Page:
UPDATED 9:41 AM PT — Thurs. June 14, 2018
The U.S. Army is back to destroying outdated chemical weapons at a Colorado facility after it was forced to shutdown the plant last year for repairs.
On Wednesday, officials announced the automated $4.5 billion plant began a gradual restart this week.
The plant — located in southern Colorado — is destroying more than 700,000 decades-old shells containing 2,500 tons of liquid mustard gas.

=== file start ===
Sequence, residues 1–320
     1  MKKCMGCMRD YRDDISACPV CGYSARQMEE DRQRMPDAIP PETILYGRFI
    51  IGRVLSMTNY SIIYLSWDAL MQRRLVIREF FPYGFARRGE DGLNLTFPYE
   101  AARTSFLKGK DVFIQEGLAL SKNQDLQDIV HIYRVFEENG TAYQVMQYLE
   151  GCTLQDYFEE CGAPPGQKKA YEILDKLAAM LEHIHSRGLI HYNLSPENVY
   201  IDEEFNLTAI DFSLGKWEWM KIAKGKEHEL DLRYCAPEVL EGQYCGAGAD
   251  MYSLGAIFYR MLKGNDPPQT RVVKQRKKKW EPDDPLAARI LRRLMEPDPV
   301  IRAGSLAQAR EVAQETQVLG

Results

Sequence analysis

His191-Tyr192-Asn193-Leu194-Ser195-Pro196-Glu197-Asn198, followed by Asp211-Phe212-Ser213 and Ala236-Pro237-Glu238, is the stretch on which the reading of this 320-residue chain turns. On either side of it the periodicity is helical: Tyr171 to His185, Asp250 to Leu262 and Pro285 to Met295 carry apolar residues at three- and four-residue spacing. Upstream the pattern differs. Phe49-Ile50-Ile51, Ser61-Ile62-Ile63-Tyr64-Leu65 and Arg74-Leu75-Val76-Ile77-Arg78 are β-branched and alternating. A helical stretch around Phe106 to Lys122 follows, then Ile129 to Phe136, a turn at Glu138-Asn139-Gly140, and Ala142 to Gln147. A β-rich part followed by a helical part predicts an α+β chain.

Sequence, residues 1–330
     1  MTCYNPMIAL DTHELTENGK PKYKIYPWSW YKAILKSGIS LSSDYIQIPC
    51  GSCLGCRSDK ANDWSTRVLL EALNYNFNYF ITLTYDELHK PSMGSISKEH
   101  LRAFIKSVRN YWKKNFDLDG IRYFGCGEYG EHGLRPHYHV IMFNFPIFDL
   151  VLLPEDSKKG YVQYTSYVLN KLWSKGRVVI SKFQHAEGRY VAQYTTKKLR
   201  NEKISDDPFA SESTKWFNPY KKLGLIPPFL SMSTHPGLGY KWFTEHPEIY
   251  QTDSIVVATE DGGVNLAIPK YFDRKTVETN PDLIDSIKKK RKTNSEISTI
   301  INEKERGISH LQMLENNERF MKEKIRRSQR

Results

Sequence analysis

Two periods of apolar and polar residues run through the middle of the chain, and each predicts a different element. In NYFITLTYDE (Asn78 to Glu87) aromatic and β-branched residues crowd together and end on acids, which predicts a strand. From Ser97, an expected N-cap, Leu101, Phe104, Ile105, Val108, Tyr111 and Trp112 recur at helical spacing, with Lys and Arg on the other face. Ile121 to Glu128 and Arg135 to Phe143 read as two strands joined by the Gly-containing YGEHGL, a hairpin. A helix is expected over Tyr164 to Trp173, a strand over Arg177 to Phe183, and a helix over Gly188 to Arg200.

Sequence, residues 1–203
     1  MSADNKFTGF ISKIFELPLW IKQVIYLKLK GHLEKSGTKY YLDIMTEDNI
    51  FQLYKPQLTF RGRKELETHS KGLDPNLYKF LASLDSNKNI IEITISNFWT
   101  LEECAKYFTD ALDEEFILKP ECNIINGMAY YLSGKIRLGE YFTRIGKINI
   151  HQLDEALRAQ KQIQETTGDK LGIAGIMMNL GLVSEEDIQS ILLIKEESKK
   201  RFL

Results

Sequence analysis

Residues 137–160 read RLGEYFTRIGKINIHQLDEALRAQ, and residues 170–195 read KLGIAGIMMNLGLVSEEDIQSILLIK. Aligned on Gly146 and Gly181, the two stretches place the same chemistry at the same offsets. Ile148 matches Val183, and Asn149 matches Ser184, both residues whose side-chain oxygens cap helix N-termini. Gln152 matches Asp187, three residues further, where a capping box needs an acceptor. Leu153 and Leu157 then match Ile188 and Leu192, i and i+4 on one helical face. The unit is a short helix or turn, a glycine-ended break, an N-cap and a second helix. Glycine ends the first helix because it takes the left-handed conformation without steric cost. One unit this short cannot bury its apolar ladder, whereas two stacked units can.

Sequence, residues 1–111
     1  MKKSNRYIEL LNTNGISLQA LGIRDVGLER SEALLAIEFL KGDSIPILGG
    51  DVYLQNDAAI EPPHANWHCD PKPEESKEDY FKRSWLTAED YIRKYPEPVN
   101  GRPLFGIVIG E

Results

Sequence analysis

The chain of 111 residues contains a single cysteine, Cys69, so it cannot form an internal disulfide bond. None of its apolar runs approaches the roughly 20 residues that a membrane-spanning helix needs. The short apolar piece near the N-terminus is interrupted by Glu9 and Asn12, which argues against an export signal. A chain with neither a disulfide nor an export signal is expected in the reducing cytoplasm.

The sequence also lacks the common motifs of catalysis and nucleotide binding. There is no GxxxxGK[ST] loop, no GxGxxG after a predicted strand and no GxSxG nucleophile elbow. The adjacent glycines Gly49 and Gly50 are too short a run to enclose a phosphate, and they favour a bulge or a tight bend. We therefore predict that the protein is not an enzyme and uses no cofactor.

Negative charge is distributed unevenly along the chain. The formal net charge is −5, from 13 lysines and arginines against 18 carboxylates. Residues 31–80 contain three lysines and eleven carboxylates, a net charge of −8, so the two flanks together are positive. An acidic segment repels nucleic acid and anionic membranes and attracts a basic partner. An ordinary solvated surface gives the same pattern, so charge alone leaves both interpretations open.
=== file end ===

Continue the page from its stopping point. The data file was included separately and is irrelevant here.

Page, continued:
A series of problems, including a leak in the storage tank, forced the plant to close down last September.
The site manager said it could take up to 60 days for the plant to return to full operation.
The U.S. government has agreed to eliminate all its chemical weapons under an international treaty.